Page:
Use this URL to cite or link to this record in EThOS:
Title: Bright solitary waves and non-equilibrium dynamics in atomic Bose-Einstein condensates
Author: Billam, Thomas Paul
ISNI:       0000 0004 2719 1564
Awarding Body: Durham University
Current Institution: Durham University
Date of Award: 2012
Availability of Full Text:
Access from EThOS:
Access from Institution:
In this thesis we investigate the static properties and non-equilibrium dynamics of bright solitary waves in atomic Bose-Einstein condensates in the zero-temperature limit, and we investigate the non-equilibrium dynamics of a driven atomic Bose-Einstein condensate at finite temperature. Bright solitary waves in atomic Bose-Einstein condensates are non-dispersive and soliton-like matter-waves which could be used in future atom-interferometry experiments. Using the mean-field, Gross-Pitaevskii description, we propose an experimental scheme to generate pairs of bright solitary waves with controlled velocity and relative phase; this scheme could form an important part of a future atom interferometer, and we demonstrate that it can also be used to test the validity of the mean-field model of bright solitary waves. We also develop a method to quantitatively assess how soliton-like static, three-dimensional bright solitary waves are; this assessment is particularly relevant for the design of future experiments. In reality, the non-zero temperatures and highly non-equilibrium dynamics occurring in a bright solitary wave interferometer are likely to necessitate a theoretical description which explicitly accounts for the non-condensate fraction. We show that a second-order, number-conserving description offers a minimal self-consistent treatment of the relevant condensate -- non-condensate interactions at low temperatures and for moderate non-condensate fractions. We develop a method to obtain a fully-dynamical numerical solution to the integro-differential equations of motion of this description, and solve these equations for a driven, quasi-one-dimensional test system. We show that rapid non-condensate growth predicted by lower-order descriptions, and associated with linear dynamical instabilities, can be damped by the self-consistent treatment of interactions included in the second-order description.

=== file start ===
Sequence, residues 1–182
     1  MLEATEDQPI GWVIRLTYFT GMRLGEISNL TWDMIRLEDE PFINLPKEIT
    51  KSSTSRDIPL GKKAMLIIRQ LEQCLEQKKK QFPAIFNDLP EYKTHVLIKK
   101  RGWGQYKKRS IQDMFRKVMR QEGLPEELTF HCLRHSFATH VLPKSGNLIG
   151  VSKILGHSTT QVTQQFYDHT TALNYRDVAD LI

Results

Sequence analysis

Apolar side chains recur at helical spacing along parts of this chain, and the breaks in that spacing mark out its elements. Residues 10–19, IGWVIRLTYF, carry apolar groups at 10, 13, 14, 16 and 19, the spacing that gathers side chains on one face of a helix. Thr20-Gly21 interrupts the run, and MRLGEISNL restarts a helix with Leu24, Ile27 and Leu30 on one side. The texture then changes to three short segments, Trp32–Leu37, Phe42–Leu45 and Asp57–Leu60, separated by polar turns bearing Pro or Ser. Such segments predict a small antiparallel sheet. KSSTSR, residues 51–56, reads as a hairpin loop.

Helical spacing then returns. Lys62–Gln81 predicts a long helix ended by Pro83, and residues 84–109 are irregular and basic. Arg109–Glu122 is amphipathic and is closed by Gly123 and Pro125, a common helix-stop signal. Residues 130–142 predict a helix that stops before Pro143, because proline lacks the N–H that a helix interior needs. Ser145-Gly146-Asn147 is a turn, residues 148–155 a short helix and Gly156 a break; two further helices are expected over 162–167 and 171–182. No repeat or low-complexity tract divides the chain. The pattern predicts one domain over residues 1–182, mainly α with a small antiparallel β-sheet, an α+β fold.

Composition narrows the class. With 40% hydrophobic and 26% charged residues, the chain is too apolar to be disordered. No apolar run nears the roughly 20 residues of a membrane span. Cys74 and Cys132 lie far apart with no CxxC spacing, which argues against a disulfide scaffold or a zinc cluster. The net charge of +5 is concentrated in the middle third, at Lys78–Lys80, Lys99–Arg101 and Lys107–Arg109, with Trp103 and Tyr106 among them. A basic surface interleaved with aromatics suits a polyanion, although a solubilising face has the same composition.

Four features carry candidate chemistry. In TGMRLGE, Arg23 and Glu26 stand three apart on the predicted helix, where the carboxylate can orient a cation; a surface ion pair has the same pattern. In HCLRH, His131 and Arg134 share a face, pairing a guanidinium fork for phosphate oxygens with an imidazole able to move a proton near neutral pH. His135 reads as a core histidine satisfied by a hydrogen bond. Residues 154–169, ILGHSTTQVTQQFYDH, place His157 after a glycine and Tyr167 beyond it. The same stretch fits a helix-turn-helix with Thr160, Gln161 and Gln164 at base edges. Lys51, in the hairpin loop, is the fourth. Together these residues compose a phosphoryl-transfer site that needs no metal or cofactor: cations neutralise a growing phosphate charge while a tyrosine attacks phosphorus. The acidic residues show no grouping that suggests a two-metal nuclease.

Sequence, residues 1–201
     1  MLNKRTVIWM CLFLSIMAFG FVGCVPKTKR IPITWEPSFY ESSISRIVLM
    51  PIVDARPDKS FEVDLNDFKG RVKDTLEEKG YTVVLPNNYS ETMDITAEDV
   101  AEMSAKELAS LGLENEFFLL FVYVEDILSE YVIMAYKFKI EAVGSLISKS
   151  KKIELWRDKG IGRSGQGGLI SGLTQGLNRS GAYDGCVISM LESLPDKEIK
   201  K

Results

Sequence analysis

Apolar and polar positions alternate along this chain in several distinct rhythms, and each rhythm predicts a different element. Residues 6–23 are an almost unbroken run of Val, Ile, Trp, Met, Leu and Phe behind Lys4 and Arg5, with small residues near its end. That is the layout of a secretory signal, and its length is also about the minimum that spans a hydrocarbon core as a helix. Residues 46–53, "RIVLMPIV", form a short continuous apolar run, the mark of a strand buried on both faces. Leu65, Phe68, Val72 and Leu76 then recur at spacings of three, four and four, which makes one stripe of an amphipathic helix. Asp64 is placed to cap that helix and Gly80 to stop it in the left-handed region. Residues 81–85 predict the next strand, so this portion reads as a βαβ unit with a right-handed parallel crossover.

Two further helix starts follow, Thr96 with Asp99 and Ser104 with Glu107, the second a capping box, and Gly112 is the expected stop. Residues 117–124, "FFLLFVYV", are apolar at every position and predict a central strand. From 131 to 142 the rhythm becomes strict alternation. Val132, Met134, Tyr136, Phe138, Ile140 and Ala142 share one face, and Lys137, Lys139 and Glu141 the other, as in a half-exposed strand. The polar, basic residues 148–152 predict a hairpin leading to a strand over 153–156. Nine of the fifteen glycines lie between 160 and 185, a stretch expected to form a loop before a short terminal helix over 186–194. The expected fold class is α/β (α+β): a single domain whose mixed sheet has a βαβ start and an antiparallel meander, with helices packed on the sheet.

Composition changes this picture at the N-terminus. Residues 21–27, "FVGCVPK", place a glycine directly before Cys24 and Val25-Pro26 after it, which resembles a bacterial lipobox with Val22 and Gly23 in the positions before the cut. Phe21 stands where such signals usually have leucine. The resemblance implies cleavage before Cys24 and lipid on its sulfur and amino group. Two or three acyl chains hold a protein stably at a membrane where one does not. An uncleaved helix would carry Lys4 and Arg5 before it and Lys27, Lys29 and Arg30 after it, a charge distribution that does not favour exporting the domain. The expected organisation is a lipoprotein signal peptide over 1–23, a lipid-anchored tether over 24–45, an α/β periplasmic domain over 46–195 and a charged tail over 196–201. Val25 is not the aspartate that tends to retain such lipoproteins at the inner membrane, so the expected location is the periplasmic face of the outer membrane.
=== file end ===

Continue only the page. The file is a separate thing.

Supervisor: Not available Sponsor: Not available
Qualification Name: Thesis (Ph.D.) Qualification Level: Doctoral
EThOS ID:  DOI: Not available